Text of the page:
With the flurry of condemnations issued by university officials and academic associations against the American Studies Association’s vote to boycott Israeli academic institutions, much of the focus has, of course, been on how the boycott suppresses basic principles of academic freedom and stifles the free flow of ideas. Less attention, however, has been paid to the other deeply disturbing element of the boycott - - targeting Israel for such unfair and harsh treatment by the ASA.
Jeff Robbins, a former U.S. delegate to the United Nations Human Rights Commission and current Board Chairman of ADL’s New England Region, examines the bigotry embedded in these important aspects of the ASA boycott in an op-ed for the Boston Herald. Mr. Robbins rightly concludes that the resolution was motivated by something other than facts-on-the-ground and a sense of academic moral responsibility, and points out the troubling role that bigotry plays when Israel is singled out for boycotts.
The following is an excerpt from Mr. Robbins’ piece titled “Israel Boycott Raises Bigotry Issues”:
In the case of the American Studies Association boycott of Israel, however, the problem is not unfamiliarity with the facts. It is the disregard of them. For the ASA boycotters, as for those urging that the Modern Language Association endorse a similar boycott, it is not that they are unaware that the Israelis have repeatedly had their offers rejected by the Palestinians, or that acceptance of these offers would have ended the conflict. It is that these facts are quite immaterial to them.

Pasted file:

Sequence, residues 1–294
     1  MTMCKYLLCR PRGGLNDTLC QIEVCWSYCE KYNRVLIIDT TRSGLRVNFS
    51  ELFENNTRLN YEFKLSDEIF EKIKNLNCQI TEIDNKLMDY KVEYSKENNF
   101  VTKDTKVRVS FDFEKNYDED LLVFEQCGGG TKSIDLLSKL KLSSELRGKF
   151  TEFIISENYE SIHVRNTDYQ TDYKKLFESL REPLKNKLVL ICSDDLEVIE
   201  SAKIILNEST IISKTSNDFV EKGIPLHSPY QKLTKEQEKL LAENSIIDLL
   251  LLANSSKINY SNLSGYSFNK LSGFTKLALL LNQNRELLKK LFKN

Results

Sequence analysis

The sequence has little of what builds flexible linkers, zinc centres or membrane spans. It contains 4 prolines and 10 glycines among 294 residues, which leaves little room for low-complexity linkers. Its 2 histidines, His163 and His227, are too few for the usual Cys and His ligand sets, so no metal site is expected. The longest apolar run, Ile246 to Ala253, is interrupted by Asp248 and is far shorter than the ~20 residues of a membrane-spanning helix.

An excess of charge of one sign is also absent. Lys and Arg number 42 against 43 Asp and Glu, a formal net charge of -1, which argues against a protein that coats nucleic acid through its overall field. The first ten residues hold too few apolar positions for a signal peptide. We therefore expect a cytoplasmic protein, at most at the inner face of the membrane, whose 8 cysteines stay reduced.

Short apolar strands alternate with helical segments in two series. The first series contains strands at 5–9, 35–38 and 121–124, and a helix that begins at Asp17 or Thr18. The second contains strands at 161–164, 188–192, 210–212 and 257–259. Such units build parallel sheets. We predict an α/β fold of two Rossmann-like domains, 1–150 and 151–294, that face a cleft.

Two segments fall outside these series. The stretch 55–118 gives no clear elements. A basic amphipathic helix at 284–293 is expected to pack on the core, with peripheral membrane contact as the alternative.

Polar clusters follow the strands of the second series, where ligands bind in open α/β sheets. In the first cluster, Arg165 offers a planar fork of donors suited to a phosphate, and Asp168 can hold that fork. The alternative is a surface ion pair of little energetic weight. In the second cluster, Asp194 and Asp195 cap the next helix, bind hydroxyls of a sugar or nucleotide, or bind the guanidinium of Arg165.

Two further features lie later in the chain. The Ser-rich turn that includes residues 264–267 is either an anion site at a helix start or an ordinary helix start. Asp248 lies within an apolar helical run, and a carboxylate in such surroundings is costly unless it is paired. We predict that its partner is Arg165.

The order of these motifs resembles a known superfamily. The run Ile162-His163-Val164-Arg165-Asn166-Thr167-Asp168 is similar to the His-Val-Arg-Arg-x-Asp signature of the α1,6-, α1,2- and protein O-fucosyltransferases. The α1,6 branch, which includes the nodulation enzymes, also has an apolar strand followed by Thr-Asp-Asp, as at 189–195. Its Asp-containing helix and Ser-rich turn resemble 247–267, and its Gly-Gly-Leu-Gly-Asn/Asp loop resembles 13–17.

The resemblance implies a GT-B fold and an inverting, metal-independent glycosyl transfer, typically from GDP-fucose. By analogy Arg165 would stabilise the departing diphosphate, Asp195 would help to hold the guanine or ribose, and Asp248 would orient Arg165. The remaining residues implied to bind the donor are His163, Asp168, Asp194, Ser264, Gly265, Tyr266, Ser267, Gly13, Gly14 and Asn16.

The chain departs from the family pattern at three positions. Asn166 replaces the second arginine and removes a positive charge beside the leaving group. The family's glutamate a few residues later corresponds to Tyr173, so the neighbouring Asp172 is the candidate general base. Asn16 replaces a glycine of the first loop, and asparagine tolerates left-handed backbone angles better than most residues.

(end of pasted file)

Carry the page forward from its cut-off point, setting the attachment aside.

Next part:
Confronted with the question why his organization has never proposed a boycott of institutions any place other than Israel, yet alone places with human rights records far less admirable than that of Israel, ASA head Curtis Marez offered this disingenuous reply: “One has to start somewhere.”
But Israel is where the boycotters start, and also where they finish.
Mr. Robbins goes on to point out the gross human rights violations by Hamas in Gaza, the restrictions on basic freedoms imposed by the Palestinian Authority in the West Bank, the disturbing human rights infringements in Qatar, Turkey and Saudi Arabia. He notes: “The ASA would never dream of a boycott against the government-run universities in Gaza. There is no boycott of institutions in the West Bank. American universities such as Georgetown and George Washington receive significant Saudi Arabian funding. This, too, is apparently undeserving of a boycott.”
He quotes Michael Roth, president of Wesleyan University, who called the boycotters “phony progressives.”
He ends with this important observation: “They are that, to be sure. But the singling out of the Jewish state legitimately raises the troubling question of whether they are bigots as well.”